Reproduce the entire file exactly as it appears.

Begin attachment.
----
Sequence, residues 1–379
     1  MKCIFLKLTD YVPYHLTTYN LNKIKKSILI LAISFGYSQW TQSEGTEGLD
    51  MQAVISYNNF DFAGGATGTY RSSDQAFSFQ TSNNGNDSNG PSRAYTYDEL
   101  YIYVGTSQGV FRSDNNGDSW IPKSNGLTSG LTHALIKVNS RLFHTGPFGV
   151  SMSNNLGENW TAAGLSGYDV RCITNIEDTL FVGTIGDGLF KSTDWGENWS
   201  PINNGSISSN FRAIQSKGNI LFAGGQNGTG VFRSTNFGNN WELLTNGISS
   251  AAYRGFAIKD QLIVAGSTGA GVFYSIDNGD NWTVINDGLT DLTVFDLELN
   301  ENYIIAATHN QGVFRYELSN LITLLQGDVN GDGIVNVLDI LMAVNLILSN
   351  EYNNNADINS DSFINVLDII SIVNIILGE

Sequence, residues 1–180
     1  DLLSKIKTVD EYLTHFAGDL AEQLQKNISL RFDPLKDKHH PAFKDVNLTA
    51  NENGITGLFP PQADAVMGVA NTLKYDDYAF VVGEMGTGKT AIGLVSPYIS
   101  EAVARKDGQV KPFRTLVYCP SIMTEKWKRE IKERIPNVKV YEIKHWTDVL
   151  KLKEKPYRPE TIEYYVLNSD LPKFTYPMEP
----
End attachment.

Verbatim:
Sequence, residues 1–379
     1  MKCIFLKLTD YVPYHLTTYN LNKIKKSILI LAISFGYSQW TQSEGTEGLD
    51  MQAVISYNNF DFAGGATGTY RSSDQAFSFQ TSNNGNDSNG PSRAYTYDEL
   101  YIYVGTSQGV FRSDNNGDSW IPKSNGLTSG LTHALIKVNS RLFHTGPFGV
   151  SMSNNLGENW TAAGLSGYDV RCITNIEDTL FVGTIGDGLF KSTDWGENWS
   201  PINNGSISSN FRAIQSKGNI LFAGGQNGTG VFRSTNFGNN WELLTNGISS
   251  AAYRGFAIKD QLIVAGSTGA GVFYSIDNGD NWTVINDGLT DLTVFDLELN
   301  ENYIIAATHN QGVFRYELSN LITLLQGDVN GDGIVNVLDI LMAVNLILSN
   351  EYNNNADINS DSFINVLDII SIVNIILGE

Sequence, residues 1–180
     1  DLLSKIKTVD EYLTHFAGDL AEQLQKNISL RFDPLKDKHH PAFKDVNLTA
    51  NENGITGLFP PQADAVMGVA NTLKYDDYAF VVGEMGTGKT AIGLVSPYIS
   101  EAVARKDGQV KPFRTLVYCP SIMTEKWKRE IKERIPNVKV YEIKHWTDVL
   151  KLKEKPYRPE TIEYYVLNSD LPKFTYPMEP